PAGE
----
Written by John B. MacDonald
What we understand about something can make all the difference.
A lumberjack returned to the store with his newfangled chainsaw. He complained it wasn’t performing as advertised. The store owner pulled the cord and the chainsaw roared to life. The surprised lumberjack asked, “What’s that noise?”
His new understanding of the chainsaw made all the difference.
What do you understand about prayer? Your answer will either limit or free you, impoverish or enrich you. Let’s look at a few limiting understandings of prayer before I propose one that frees and enriches.
Some Limiting Views
There is some truth—perhaps lots of truth—in the following descriptions, but I suggest that each of them limits us.
“Talking to God” was a definition common in my early Christian years. Its weakness is that it views prayer as one-way communication: I speak, God listens.
A description by Simone Weil (1909-1943) was popular among my theology professors: “Absolutely unmixed attention is prayer.” Although I agree prayer usually has an intentional focus, “unmixed attention” can describe lots of activities. For instance, watch a person riveted to a computer game or texting on an iPhone, and you’ll have an illustration of “absolutely unmixed attention.” Prayer is more than “unmixed attention.”
James Montgomery (1771–1854) wrote the lyrics to a hymn about prayer. He wrote at least eight stanzas, the first being:
Prayer is the soul’s sincere desire, uttered or unexpressed, the motion of a hidden fire that trembles in the breast.
Does the absence of such feelings mean you are not praying? What about other emotions such as disappointment and anger? Do they disqualify your prayer?
A thorough, orthodox definition is offered by the Westminster Shorter Catechism (1647).
Q. 98. What is prayer?
Prayer is an offering up of our desires unto God, for things agreeable to his will, in the name of Christ, with confession of our sins, and thankful acknowledgement of his mercies.
This is accompanied by numerous Bible verses, proofs for each component of the definition. There is a certain cool clinical detachment in the Catechism’s presentation of the facts about prayer.
How do you understand prayer? And does your understanding make a difference?
A Shift in Understanding
What is an understanding of prayer that makes a difference? For me, the most helpful description of prayer was penned by Clement of Alexandria (150-215): “Keeping company with God.”
Understanding prayer in this way made a significant difference for me. I no longer saw prayer as a medium of communication, like a text message. Prayer became relational. This fresh understanding shifted my focus from prayer as speaking to God over to prayer as relationship with God. This new understanding made all the difference.
Here are four benefits flowing from this relational understanding of prayer.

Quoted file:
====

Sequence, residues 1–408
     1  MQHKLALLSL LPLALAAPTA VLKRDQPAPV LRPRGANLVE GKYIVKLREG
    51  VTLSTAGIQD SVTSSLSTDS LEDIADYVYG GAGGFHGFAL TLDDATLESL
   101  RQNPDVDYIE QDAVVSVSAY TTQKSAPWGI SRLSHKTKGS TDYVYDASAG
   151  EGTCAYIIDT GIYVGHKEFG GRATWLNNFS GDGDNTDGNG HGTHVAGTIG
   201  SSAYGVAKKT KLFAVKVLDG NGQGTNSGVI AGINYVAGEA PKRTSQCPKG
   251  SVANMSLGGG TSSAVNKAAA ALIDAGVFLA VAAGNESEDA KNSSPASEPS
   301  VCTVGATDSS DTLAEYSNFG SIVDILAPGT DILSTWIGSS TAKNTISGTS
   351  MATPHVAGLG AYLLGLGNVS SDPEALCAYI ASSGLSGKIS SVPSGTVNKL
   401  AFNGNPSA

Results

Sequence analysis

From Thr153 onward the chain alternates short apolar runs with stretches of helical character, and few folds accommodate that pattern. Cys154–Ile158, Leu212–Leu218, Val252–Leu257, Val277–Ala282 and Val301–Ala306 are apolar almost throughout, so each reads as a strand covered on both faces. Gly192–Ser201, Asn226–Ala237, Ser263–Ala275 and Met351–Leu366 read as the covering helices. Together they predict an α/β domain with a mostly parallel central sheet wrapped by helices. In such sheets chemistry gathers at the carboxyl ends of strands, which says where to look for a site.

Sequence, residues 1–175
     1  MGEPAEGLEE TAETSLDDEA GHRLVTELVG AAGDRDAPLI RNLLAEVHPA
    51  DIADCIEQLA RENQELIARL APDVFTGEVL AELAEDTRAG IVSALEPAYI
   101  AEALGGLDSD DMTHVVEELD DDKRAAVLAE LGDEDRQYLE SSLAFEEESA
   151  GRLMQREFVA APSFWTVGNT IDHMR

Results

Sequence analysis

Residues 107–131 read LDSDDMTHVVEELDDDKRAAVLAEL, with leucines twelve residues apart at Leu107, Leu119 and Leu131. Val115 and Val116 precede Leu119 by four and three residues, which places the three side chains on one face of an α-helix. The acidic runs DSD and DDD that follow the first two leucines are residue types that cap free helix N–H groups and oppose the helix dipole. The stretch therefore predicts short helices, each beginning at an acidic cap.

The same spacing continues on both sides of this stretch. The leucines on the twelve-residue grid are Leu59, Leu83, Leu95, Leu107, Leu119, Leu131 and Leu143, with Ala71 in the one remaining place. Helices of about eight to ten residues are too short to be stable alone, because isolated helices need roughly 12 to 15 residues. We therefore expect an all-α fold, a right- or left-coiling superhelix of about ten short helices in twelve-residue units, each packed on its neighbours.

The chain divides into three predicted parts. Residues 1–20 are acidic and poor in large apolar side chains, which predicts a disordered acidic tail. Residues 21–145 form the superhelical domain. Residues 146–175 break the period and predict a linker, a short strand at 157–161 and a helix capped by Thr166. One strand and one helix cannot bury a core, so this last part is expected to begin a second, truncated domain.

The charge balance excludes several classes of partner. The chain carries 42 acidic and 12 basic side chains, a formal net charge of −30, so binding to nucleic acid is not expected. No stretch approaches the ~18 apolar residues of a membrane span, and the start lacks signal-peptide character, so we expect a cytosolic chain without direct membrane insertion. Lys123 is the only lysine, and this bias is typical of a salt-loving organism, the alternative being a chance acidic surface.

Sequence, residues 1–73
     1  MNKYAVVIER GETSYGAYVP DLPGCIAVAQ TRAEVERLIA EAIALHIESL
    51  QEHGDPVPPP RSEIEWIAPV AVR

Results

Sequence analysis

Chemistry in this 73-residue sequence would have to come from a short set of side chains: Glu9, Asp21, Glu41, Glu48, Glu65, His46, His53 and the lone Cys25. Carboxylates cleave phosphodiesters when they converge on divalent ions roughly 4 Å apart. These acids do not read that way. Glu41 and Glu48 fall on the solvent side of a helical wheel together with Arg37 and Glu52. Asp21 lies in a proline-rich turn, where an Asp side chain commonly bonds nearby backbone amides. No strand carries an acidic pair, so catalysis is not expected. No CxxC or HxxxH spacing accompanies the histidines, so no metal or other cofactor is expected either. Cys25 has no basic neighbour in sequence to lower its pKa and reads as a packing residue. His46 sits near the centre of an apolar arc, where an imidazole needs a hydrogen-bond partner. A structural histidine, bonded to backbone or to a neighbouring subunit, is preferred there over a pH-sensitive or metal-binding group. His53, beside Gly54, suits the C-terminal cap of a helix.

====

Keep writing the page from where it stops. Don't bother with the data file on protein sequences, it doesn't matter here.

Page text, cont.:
Praying becomes a conversation. We do not develop much of a relationship if we do all the talking. Conversation goes both ways. Keeping company with God encourages us in listening to God and speaking with God. It also allows for times of companionable silence. Praying that is relational incorporates conversation with God.
Praying becomes a way of life. We do not develop an intimate relationship with people without spending significant amounts of quality time with them. If prayer is “keeping company with God,” that means spending time with Him. This also helps us make sense of biblical texts such as “pray continually” (1 Thessalonians 5:17; Ephesians 6:18). Praying that is relational invites you to spend more time with God in all the activities of life.
Praying becomes more honest. Prayer as a medium can tend towards formality, as if you are speaking to a judge, or putting a request to an official. If prayer is “keeping company with God,” over time we become more transparent and honest. For instance, emotions of disappointment and anger are expressed—as if we were in the presence of our best friend. Consider the emotions expressed in Psalm 42-43 or Jonah 4. Praying that is relational develops openness and honesty.
Praying becomes transformational. As we keep company with God, we become more aware of God’s heart, purposes, desires, intentions, ways, and will. It is no longer about me; it is about us—and more importantly Him! Our growing awareness of God’s heart becomes fertile ground for change in our own hearts, attitudes, biases, and self-centeredness, which will begin to impact all of life. Praying that is relational involves your transformation.
Does this fresh understanding of prayer make a difference for you?
Dr. MacDonald serves with Outreach Canada and can be contacted at email@example.com. As a foretaste of the innovative disciple-making project Matthew’s Paradigm, you can download a free copy of “Listening Well to Matthew” by subscribing at www.johnbmacdonald.com.